8. Gravatar of Major-Freedom Major-Freedom
    25. June 2014 at 13:05

    If NGDP were to ever be targeted by government, then Goodhart’s Law will come into play and NGDP will no longer, assuming of course it ever was, a good measure.

    GDP is not officially targeted by government, but it is heavily and quite purposefully influenced by government, as it is regarded as an “important” statistic. It is an absolutely atrocious measure of economic health. GDP is set to likely fall by 50 bps? Print and spend money on drones and police tanks, and poof, GDP no longer falls and we’re all basking in prosperity.

    If NGDP were similarly affected, then say good bye to arguments like “NGDP growth is on track, therefore no significant secular problems are being caused by central bank inflation.” (Of course economists have known for decades that socialism in money sets up economies for crashes. If not sooner because of accelerated inflation, then later on as the real wall is approached).

  9. Gravatar of Sigmund Holmes Sigmund Holmes
    25. June 2014 at 13:14

    I’m not sure why you find this so surprising. S&P 500 earnings, operating and as reported were down 4th quarter to 1st:

    Considering that stock buybacks were up 59% in the quarter, total dollar earnings were probably down more than the EPS numbers.

    Assuming the employment numbers have been correct, corporations added workers in the quarter and last I checked, S&P 500 revenue was up only about 1%. Sounds like a productivity problem to me. Could be temporary or not; I don’t know. Maybe companies added workers in anticipation of a rebound in growth. If that happens, then no problem. If it doesn’t, well….

    Obviously, a drop in S&P earnings doesn’t mean total corporate profits had to fall but I’d guess it is pretty well correlated.

  10. Gravatar of flow5 flow5
    25. June 2014 at 13:30

    Macro-economics is easy. Unless money expands at least at the rate prices are being pushed up, output can’t sold and hence jobs will be lost (the Phillips Curve’s idea in reverse).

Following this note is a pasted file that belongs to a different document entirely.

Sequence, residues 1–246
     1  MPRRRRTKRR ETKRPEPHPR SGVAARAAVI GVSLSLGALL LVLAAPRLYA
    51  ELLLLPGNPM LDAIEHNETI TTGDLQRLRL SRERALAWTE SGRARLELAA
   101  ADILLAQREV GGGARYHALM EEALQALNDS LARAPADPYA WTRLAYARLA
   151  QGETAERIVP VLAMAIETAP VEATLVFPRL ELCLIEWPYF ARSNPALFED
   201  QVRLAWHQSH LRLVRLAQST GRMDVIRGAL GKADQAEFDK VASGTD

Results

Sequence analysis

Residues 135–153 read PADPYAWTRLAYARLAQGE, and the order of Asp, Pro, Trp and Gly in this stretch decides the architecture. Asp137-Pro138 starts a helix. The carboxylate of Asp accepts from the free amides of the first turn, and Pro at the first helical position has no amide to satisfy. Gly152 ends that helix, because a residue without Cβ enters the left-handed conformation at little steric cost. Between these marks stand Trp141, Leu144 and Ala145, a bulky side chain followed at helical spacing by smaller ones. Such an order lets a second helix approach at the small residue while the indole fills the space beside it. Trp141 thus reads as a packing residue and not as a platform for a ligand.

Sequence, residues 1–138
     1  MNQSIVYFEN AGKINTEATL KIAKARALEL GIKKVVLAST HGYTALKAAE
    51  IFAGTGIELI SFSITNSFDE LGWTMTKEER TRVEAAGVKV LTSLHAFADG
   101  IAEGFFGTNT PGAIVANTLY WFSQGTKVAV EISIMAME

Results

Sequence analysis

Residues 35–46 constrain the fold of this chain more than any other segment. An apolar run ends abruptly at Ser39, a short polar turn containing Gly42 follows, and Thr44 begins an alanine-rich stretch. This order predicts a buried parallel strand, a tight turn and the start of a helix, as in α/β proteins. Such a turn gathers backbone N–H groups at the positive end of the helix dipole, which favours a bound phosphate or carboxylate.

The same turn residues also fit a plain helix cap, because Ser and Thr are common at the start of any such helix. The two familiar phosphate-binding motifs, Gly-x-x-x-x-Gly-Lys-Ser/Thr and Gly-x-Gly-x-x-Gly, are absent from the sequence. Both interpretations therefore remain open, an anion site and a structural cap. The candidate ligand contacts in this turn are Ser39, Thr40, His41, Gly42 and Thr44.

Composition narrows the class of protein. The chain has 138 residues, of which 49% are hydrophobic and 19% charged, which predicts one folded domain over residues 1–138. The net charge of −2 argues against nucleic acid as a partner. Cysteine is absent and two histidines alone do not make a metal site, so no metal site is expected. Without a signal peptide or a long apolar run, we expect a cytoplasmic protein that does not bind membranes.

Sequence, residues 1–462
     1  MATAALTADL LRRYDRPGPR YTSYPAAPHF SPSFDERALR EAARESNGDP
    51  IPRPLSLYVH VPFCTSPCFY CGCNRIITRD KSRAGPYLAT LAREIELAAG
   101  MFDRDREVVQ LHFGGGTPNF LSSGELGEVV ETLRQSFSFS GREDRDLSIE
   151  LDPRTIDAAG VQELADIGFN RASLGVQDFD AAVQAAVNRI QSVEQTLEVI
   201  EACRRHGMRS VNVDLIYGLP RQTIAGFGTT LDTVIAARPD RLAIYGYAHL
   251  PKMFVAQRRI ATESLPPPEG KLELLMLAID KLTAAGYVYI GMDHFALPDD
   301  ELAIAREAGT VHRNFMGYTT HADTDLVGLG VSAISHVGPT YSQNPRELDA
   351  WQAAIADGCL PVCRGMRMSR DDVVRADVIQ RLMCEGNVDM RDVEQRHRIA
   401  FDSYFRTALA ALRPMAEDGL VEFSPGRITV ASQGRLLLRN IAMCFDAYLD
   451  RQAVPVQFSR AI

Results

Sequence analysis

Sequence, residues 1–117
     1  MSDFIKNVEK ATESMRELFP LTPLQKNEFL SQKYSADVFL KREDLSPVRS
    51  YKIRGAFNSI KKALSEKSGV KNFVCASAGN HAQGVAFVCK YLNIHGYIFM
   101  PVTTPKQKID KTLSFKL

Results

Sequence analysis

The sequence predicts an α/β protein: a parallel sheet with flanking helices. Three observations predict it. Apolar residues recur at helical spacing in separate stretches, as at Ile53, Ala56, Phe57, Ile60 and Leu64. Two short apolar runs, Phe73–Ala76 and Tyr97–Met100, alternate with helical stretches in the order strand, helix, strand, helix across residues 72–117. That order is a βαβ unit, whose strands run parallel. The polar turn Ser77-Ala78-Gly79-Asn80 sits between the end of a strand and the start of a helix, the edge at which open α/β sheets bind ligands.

The negative outcome from the Fed’s “stop-go” monetary mis-management is the direct result of the rate-of-change (roc’s) in money flows (proxy for inflation), falling short during both the 1st qtr of 2011 – and now in the 1st qtr of 2014. We will encounter the same problem again at year’s end.

  11. Gravatar of maynardGkeynes maynardGkeynes
    25. June 2014 at 13:45

    I was surprised that the stock market surged today — is that because the market “intuited” Prof Sumners astute insight?

  12. Gravatar of ssumner ssumner
    25. June 2014 at 15:49

    dbeach, Yes, it does make more sense.

    Travis, I don’t know.

    Sigmund, I agree that profits may have fallen, but no where near as much as reported by the BEA. Those are horrific numbers. If true, that would be the number one story in America.

  13. Gravatar of Michael Byrnes Michael Byrnes
    25. June 2014 at 16:33

    The erratic GDP data seems like it would be more of a problem for NGDP rate targeting (which, as far as I can tell, isn’t endorsed by market monetarists) than for NGDP level targeting. As long as we aren’t letting bygones be bygones, we can afford some tracking error, can’t we?